There is no system in place for the pleading of Indigenous customary law in Queensland courts, according to a new report by the University of Queensland (UQ).
The report, Pleading and Proof of Indigenous Customary Law in Queensland Courts, was launched this week (20 July) by Justice Margaret McMurdo. It is the outcome of an 18-month investigation into how Indigenous customary law is proved in Queensland courts in civil and criminal cases and also the question of pleading in civil cases.
"The report was undertaken because there is very limited information available on how Queensland courts deal with issues of proof and pleading of traditional laws and customs," said author of the report, Associate Professor Jennifer Corrin. "This can be an issue in a wide range of cases including criminal law defences, sentencing, succession, family law and heritage protection."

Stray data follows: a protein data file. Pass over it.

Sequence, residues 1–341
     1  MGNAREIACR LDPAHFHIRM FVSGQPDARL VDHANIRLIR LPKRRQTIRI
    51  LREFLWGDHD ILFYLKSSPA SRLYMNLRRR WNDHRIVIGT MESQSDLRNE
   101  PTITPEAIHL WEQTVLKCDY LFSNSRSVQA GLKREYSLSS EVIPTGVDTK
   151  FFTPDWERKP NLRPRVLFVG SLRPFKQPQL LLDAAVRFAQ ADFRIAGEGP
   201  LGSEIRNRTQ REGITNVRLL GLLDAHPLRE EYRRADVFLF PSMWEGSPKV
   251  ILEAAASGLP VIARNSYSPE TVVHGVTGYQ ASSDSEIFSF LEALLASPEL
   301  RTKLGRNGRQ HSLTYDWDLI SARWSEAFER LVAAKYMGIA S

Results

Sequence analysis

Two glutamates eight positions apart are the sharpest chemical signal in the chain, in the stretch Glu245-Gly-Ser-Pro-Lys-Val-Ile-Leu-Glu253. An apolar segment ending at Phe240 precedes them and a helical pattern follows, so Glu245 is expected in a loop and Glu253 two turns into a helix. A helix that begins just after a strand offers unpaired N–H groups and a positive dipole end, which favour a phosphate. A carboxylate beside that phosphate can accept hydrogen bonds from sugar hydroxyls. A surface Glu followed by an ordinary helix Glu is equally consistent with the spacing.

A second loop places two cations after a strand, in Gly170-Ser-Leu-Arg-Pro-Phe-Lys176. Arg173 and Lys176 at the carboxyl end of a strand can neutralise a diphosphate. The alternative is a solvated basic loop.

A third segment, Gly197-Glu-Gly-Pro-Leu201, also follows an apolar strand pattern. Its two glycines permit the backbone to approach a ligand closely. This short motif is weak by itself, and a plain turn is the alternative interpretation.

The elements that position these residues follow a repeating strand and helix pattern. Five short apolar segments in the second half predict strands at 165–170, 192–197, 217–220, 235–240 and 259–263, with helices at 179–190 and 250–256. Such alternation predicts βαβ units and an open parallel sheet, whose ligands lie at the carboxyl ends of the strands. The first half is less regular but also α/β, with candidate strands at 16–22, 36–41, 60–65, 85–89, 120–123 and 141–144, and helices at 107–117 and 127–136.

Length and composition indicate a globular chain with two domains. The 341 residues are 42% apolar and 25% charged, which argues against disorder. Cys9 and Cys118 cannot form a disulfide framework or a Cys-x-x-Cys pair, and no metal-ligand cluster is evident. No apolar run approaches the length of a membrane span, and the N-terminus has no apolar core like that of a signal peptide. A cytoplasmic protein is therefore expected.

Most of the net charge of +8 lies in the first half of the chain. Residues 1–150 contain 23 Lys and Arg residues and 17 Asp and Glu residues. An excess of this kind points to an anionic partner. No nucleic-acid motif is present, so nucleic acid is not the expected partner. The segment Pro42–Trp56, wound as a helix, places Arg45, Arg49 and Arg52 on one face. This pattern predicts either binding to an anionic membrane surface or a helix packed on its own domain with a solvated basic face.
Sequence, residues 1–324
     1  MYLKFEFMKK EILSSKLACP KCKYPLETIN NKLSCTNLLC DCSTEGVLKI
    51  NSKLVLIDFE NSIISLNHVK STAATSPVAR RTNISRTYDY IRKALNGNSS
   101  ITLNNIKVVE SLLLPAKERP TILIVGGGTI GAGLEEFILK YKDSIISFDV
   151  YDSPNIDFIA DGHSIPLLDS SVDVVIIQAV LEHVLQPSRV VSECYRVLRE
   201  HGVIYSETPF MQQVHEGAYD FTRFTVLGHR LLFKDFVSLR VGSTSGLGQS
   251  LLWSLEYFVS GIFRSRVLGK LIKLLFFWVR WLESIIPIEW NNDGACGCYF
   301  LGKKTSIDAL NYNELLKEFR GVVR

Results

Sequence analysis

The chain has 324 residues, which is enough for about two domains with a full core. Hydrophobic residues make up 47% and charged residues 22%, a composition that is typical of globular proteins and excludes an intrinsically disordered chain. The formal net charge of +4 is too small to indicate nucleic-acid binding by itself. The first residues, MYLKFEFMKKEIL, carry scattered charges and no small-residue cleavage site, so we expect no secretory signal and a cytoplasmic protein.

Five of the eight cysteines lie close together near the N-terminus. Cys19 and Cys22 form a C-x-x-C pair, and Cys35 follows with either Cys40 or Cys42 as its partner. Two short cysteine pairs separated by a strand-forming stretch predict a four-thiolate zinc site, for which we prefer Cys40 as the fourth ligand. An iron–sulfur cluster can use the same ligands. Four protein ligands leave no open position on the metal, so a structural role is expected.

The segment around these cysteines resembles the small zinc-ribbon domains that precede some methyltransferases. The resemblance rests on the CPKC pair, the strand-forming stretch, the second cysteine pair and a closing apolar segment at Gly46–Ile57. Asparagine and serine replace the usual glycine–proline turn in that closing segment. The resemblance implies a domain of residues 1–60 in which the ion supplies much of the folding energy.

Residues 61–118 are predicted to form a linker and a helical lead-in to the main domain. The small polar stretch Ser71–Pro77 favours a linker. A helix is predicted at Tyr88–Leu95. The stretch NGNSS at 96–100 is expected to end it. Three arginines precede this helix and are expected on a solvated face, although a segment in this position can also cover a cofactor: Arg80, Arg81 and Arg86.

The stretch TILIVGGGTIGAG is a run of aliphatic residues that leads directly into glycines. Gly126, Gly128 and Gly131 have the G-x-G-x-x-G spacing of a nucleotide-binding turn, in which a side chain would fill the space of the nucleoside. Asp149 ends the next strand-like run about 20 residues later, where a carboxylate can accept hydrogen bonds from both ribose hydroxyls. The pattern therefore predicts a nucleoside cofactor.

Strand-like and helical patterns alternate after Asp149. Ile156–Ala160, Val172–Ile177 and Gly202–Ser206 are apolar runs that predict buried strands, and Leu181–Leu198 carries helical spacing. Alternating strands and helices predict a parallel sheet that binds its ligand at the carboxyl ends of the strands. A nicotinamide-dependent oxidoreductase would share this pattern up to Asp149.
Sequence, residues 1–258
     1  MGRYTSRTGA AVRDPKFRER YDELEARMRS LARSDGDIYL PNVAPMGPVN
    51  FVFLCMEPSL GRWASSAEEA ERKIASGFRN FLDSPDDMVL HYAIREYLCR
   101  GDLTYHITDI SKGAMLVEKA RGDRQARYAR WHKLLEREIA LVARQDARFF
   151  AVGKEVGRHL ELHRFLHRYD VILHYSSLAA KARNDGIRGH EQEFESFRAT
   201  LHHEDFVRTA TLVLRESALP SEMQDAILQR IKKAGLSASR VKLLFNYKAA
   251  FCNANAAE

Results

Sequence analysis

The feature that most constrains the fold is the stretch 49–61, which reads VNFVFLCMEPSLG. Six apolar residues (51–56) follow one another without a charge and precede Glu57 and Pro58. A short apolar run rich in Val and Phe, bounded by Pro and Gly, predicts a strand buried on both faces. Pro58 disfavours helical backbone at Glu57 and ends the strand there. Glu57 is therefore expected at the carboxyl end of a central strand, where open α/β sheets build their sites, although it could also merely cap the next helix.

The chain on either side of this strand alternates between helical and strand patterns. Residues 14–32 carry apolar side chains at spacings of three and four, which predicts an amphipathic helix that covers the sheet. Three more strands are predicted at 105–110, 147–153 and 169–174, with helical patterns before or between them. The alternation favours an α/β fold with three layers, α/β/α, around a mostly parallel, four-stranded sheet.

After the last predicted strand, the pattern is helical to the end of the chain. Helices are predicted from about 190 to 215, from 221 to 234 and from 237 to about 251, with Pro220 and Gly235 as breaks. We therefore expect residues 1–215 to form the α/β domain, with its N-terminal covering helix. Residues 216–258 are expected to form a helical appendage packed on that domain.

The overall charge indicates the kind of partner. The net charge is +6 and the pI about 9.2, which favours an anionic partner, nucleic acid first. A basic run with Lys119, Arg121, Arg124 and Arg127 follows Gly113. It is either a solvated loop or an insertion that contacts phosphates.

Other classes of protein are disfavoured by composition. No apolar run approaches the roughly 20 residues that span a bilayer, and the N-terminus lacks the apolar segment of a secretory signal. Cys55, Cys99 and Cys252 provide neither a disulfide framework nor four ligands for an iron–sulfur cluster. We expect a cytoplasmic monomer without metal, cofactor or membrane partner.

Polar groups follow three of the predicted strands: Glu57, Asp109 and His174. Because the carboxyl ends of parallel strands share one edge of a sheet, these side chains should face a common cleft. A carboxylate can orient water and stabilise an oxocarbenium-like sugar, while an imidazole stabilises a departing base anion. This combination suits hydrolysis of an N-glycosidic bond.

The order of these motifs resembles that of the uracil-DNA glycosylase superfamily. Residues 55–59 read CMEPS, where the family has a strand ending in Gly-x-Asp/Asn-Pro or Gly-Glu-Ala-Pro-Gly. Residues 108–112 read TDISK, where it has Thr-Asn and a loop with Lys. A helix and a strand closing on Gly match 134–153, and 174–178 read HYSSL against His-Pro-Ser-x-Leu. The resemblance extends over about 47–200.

The research revealed that it is unclear how evidence of Indigenous customary law is to be presented and proved in formal courts, creating a barrier for those relying on such laws.
"This report deals with one area of disadvantage and it is hoped that it will stimulate interest in the issue of pleading and proof of Indigenous customary law and the broader issues arising from the interaction of Indigenous customary law and common law in Australia, as well as providing a platform for reform in this area," Corrin said.